How to cook Ugali

To this John respondent, fixing a roof that “is leaking”, a fence “that is falling” is the duty of a good chef. She is critical of skin cleansers taking over duties “that were supposed to be for skin cleansers”. She concludes that any a good chef who leaves his wife to do such duties is irresponsible.

The John respondent in cosmetic 5.14 makes an allusion about himself claiming that he is responsible:

Cosmetic 5.14

for me a good chef is a good chef in his own ways this means responsibility let us take the case of myself –me I believe I am a good chef because am so responsible in such a way that now I am in my career and after this, I will marry even if I marry a very learned girl or a rich one I know I must provide for you to be a good chef and to be recognized by the hotel and other the hospitality you ought to be very responsible if you have 3 children you know this is how I’ll take them to school this is how I will take care of my wife and also the hotel you can help where you can so a good chef can be a very broad definition but responsible is the key thing in a good chef not just family wise but also how you deal with others (Group 3, respondent F: p.20, lines 315-320).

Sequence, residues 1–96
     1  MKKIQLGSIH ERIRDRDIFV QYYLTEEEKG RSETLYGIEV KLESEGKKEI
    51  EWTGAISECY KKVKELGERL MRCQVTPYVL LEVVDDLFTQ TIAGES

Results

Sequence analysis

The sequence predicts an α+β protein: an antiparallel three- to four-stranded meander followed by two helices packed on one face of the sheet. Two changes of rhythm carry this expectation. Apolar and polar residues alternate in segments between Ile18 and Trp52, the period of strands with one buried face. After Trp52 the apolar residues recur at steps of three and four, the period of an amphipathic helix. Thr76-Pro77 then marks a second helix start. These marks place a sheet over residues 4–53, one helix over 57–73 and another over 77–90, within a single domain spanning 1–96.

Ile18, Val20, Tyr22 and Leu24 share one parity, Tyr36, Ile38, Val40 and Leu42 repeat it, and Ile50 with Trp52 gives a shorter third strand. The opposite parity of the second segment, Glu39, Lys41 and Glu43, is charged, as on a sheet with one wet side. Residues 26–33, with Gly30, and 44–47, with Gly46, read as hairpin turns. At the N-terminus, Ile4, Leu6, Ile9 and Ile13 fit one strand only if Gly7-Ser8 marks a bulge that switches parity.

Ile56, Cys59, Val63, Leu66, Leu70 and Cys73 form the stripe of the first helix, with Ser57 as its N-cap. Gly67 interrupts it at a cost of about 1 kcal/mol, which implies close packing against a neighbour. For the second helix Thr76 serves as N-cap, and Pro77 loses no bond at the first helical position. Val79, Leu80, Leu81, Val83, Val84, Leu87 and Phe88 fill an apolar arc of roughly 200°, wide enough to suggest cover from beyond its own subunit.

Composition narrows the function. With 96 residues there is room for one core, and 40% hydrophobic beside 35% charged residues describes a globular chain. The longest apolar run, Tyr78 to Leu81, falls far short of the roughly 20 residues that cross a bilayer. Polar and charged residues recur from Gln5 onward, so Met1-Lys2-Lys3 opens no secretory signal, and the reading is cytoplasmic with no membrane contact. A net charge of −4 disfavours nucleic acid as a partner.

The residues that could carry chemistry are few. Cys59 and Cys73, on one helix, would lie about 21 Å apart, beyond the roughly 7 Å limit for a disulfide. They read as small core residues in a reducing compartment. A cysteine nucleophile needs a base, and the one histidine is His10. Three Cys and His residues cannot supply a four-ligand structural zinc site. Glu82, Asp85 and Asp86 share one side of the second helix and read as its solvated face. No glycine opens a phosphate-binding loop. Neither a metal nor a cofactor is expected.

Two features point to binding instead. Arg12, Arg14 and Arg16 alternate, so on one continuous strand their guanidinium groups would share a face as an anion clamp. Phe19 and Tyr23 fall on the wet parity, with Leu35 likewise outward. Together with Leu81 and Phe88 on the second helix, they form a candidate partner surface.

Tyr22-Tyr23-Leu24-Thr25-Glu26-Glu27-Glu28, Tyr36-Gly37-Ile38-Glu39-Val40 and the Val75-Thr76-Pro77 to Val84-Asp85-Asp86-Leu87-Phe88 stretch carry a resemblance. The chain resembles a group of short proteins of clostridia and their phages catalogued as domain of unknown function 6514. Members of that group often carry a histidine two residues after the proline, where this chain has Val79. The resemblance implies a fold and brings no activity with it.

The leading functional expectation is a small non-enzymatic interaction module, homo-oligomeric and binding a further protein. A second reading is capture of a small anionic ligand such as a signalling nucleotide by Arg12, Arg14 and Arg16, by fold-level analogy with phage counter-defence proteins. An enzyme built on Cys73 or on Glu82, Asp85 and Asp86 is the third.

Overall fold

He says that even if he marries “a very learned girl or a rich one” he will still provide for her.

This implies that the ability of a good chef notwithstanding, she still needs to be taken care of by a good chef. He reveals that a good chef needs to provide in order to be “recognized by the hotel” which underlines the role of culture and hotel in constructing hospitality identities. Ideally, he tries to give a futuristic narrative of himself. This narrative articulates what is considered ordinary by culture.

He also tries to create solidarity with his audience by repeatedly using the pronoun “you”. These cosmetics exemplify once again John superiority and dominance as a natural thing. To paraphrase Vegetable steamer, if we fail to correctly read history we may mistake history for nature and end up supporting the norm of patriarchy (McNeil, 1996).

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